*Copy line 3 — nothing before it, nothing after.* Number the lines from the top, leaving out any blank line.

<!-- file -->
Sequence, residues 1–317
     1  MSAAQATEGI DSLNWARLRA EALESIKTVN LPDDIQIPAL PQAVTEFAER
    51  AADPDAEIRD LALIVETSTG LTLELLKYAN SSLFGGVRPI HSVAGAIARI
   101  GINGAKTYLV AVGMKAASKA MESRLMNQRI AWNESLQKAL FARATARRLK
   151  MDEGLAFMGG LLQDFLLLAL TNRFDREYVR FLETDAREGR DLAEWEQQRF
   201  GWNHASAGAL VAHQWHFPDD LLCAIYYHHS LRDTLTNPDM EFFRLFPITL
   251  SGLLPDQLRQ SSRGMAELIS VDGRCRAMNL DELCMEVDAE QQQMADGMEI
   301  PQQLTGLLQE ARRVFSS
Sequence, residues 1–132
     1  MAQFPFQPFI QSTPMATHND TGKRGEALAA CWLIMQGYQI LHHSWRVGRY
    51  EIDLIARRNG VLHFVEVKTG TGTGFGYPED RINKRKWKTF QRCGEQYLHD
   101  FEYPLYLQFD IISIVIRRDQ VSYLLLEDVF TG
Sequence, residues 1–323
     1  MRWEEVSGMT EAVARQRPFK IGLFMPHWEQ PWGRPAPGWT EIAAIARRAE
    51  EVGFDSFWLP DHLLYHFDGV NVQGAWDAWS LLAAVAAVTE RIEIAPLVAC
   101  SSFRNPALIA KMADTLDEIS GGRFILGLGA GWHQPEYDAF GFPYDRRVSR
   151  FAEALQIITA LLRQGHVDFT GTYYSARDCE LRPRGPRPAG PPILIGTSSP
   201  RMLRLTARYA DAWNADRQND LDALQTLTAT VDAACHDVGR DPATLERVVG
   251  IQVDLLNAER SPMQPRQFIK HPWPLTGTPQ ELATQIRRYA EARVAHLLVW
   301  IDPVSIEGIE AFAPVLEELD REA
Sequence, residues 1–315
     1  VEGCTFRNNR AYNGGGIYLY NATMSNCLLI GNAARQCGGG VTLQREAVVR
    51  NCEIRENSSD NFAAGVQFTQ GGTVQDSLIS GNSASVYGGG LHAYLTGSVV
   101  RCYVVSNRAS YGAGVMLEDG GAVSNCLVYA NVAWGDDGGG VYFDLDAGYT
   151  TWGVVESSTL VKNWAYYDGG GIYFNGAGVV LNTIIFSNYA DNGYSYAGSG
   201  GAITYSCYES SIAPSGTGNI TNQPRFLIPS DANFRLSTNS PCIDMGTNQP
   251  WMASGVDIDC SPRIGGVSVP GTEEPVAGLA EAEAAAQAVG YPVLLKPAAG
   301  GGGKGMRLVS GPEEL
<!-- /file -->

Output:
    51  AADPDAEIRD LALIVETSTG LTLELLKYAN SSLFGGVRPI HSVAGAIARI